responsible for this area, but responsibility was transferred
to Charles Clarke, so since then we have been in contact with
Charles Clarke, who has taken on ministerial responsibility for
this area of work.
81. And it is Charles Clarke that we will be
speaking to and putting these very questions to. To what degree
are the organisations which you represent prepared, do you believe,
for the impact this is going to have, not just the impact in terms
of fiscal charges but also the impact in determining who should
have checks addressed to them and what level of checks they should
be? Perhaps I will ask Mrs Reeve.
(Ms Reeve) Thank you. I really wanted to take the
opportunity maybe to be just a bit presumptuous and go back to
your earlier point, in terms of advice.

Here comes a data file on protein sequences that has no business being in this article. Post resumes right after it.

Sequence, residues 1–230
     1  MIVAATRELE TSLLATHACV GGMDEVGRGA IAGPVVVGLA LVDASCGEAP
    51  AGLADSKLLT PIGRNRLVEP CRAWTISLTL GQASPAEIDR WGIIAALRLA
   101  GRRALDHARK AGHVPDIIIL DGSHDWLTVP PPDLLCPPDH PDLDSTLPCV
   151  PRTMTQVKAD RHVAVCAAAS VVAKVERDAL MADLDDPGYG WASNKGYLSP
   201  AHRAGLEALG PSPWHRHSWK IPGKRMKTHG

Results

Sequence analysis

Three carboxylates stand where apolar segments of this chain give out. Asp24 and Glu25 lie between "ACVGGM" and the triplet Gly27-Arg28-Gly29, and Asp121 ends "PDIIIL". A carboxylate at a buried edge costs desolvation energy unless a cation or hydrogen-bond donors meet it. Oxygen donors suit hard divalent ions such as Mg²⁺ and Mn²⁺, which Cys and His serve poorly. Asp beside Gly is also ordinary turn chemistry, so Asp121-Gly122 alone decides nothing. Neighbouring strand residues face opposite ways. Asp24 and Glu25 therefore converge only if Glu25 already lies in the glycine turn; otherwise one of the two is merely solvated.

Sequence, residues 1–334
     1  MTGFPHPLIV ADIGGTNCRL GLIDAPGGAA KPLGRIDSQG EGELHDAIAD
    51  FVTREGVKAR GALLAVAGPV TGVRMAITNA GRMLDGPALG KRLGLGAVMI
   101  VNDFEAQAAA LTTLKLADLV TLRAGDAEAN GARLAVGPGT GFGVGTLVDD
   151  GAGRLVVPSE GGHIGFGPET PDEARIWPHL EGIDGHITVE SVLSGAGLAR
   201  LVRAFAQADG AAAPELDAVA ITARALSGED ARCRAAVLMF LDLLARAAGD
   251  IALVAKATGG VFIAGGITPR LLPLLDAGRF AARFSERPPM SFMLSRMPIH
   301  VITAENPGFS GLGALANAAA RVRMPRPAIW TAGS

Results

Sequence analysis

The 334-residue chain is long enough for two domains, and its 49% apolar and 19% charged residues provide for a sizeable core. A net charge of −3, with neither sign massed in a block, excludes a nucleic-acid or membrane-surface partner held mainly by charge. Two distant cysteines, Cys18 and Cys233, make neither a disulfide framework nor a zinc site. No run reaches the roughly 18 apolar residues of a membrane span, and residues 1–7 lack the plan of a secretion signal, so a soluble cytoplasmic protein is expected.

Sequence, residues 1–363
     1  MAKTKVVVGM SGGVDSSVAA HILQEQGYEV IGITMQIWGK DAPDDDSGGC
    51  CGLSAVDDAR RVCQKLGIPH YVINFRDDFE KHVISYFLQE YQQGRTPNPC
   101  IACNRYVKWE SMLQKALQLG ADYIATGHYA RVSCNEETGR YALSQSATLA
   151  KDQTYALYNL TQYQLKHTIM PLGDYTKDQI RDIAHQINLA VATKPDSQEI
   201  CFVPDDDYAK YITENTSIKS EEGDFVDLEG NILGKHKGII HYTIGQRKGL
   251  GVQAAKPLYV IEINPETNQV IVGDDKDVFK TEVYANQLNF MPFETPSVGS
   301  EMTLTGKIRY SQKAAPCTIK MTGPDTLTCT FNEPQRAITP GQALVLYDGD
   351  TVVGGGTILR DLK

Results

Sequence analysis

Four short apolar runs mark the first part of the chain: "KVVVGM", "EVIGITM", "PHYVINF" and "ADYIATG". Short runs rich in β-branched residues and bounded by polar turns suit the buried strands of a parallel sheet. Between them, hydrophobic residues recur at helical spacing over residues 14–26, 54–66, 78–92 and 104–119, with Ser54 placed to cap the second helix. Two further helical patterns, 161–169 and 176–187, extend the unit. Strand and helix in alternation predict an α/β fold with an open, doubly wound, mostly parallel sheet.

82. Be presumptuous.
(Ms Reeve) Insofar as, clearly, you have been taking
evidence from organisations that have a particular, proper engagement
with this issue; in relation to volunteering and volunteers, it
is a very much broader sort of matter. Our members, volunteer
bureaux, local volunteer bureaux, volunteer and development agencies,
giving advice in relation to good practice, are working not only
with volunteers and organisations involved in areas where it might
be appropriate to be looking at checking and costs, but they work
with vulnerable and socially excluded volunteers, in relation
to volunteering where there is not any element of care or necessary
control. And our members, who are there to be offering advice
to other organisations, have long experience of working in relation
to the use of the criminal record and volunteering; over the last